Tab Tries: Halal and Kosher Food
Hugh Bassett – student by day, sandwich-critic extraordinaire by night puts UCL’s new taste menu to the test.
Equality is nice, isn’t it? Here at UCL, there are always steps being made to further include those from different backgrounds or faiths. That’s why it was so heart-warming to hear that UCLU have passed a motion providing Kosher and Halal food options to cater for those with religious dietary requirements.
‘But wait!’ I hear you cry. ‘I made a promise to myself to only ever eat sandwiches that contain bacon! How will I know what these products taste like? And/or where can I get new arteries?’ Well never fear, because I, The Tab’s mobile taste-buds, have kindly decided to undertake a rigorous field test to determine just how the new provisions stand up to their existing tasty brethren.
So, it’s time to say a big ‘Hal-lo’ to Halal, ‘Fo’sure’ to Kosher and erm…… ‘hi’ to Non-Denominational.
Round One: Out of the Box:
Non-denominational: Pure Food Co.’s Deep Filled Tuna Mayo, £2.85 (Tuna, sweet corn, mayonnaise and mixed salad sandwich.)
Thickish, brown bread. Visible seedy bits, which automatically make it a lot posher. Pretty filled with noticeable sweet corn, which on closer inspection runs throughout the whole sandwich. Cucumber and leaves also evident. Therefore, good show all round (measured on the ‘UpperCrust food porn barometer’).
DD’s Tripler Pack £3.05 (tuna salad, egg and cress, grilled vegetable and hummus sandwiches)
I actually felt sorry for this sandwich, poor thing. It was so weak, it was unable to actually stand up on its own side for a profile shot. It was ridiculously small, as if the packaging were a reverse Tardis full of questionable lunch food. Barely visible filling. Suspicious, unidentifiable brown spots on bread. Apart from a fleeting hint of salad, colour is an entirely uniform and rather depressing council-block beige.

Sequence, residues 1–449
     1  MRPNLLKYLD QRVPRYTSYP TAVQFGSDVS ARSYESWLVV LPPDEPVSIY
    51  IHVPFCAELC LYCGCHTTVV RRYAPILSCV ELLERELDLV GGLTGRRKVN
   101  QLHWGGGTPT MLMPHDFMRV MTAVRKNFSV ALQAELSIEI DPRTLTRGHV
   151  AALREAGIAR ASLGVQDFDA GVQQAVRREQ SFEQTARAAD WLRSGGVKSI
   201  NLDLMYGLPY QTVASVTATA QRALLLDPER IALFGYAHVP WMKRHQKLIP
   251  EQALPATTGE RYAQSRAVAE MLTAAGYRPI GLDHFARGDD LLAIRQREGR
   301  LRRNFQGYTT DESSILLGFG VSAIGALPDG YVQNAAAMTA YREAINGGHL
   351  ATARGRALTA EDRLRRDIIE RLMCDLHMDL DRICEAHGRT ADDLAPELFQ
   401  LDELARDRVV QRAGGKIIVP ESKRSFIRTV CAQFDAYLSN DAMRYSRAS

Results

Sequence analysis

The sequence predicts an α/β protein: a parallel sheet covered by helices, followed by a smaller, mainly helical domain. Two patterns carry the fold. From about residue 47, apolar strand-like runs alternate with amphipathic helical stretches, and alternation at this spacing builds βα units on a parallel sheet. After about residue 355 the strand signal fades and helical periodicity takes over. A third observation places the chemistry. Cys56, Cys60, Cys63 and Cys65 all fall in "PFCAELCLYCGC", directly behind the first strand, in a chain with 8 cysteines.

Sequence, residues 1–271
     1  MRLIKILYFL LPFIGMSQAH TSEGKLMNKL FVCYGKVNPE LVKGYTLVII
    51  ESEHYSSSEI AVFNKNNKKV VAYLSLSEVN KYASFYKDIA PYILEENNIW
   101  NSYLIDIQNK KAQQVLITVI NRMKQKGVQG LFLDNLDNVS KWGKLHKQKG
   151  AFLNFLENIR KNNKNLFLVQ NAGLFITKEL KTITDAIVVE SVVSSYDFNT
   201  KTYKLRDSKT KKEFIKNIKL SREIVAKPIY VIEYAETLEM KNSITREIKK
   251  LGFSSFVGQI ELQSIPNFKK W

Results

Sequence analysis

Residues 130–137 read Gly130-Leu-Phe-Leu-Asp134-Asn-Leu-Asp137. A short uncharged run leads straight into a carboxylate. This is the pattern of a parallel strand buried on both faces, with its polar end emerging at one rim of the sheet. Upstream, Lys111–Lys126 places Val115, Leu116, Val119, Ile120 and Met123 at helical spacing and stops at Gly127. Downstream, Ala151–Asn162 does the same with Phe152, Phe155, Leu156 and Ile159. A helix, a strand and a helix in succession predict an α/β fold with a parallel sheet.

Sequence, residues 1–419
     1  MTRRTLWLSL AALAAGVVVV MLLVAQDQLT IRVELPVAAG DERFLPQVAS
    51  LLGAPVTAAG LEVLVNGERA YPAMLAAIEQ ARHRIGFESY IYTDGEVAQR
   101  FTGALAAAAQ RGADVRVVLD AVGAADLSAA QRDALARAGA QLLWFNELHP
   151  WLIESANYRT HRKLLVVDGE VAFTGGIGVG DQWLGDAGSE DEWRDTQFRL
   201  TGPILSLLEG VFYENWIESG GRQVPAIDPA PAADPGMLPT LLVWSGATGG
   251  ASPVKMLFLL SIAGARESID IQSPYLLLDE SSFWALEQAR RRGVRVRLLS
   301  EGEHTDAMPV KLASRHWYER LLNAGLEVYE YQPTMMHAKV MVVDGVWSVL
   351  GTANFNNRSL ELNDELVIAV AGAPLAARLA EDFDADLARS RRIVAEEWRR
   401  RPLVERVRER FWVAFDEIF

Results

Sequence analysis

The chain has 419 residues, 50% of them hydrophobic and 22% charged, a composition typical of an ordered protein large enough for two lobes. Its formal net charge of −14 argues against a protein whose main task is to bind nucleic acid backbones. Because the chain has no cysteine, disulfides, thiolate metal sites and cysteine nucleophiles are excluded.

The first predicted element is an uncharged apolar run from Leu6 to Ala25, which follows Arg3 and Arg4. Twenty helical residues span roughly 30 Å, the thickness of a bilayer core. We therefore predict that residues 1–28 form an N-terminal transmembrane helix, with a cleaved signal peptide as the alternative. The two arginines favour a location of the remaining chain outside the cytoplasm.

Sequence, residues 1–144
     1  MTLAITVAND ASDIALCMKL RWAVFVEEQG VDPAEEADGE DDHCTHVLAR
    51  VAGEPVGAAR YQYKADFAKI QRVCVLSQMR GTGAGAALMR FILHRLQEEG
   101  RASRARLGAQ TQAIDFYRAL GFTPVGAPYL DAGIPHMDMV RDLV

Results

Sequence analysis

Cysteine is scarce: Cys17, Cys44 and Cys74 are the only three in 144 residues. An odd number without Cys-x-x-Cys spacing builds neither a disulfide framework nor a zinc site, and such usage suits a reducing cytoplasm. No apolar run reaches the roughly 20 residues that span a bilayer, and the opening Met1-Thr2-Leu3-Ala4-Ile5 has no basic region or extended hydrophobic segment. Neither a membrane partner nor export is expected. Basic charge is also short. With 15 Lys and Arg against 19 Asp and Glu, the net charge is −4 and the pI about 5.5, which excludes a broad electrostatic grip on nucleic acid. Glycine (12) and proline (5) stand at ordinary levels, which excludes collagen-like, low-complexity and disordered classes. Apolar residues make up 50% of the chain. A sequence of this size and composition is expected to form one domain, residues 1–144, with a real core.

DD’s Egg Mayo and Salad Roll (Egg mayonnaise with tomato and cress in a soft roll).
This thing was MASSIVE. A picture could never do it justice, nor could it relay how unbelievably soft the bap really was. That website didn’t lie, but it also didn’t warn me that it would look at me like a provocative Zippy from the magic roundabout dressed in suspenders, enticing, calling me.
Winner? Kosher. (Mostly on sexiness.)
ROUND 2: Taste.
The bread wasn’t soggy! IN A TUNA MAYO!!!! Someone alert the government!
Tuna fine, I suppose. Sweet corn fresh and perky, as if it were performing a snappy cheerleading routine on your tongue. No sign yet of the ‘Ooooooo.’ Am considering a complaint letter stating this.
It is very hard to describe to you how dehydrating this sandwich was. I could’ve knitted something in my mouth since it was so cotton-y afterwards. Wasn’t able to tell what was filling and what was bread. The brown stain tasted a bit like the cupboard under the stairs.
Bap oddly sweet, like a bagel. Flavoursome, just not sure which flavour it was supposed to be. Then again, it does contain cress. Slightly less sexually enticing after eating some of it.
Winner? –Non denominational
Which means our overall victor is the Pure Food Co.’s Deep Filled Tuna Mayo.
The results show that there has been a lack of effort to include proper food in the Halal and Kosher section. None of the sandwiches even contain meat; the substance which needs to be specially prepared under religious guidance. Scaly fish are automatically both Halal and Kosher, so evidently the offerings are clearly inferior to the fresh, healthy selection of non-denominational food.
Special dietary requirements should not be included simply as a perfunctory measure, as it is wasteful. If you make it good quality, people might actually buy and subsequently eat it. The reason for the inclusion of the new food is in order to stop students having to go elsewhere, which considering the sizeable population of Muslims and Jews at UCL, makes financial as well as basic compassionate sense.
So why not make our inclusion actually inclusive? Now that would be equality.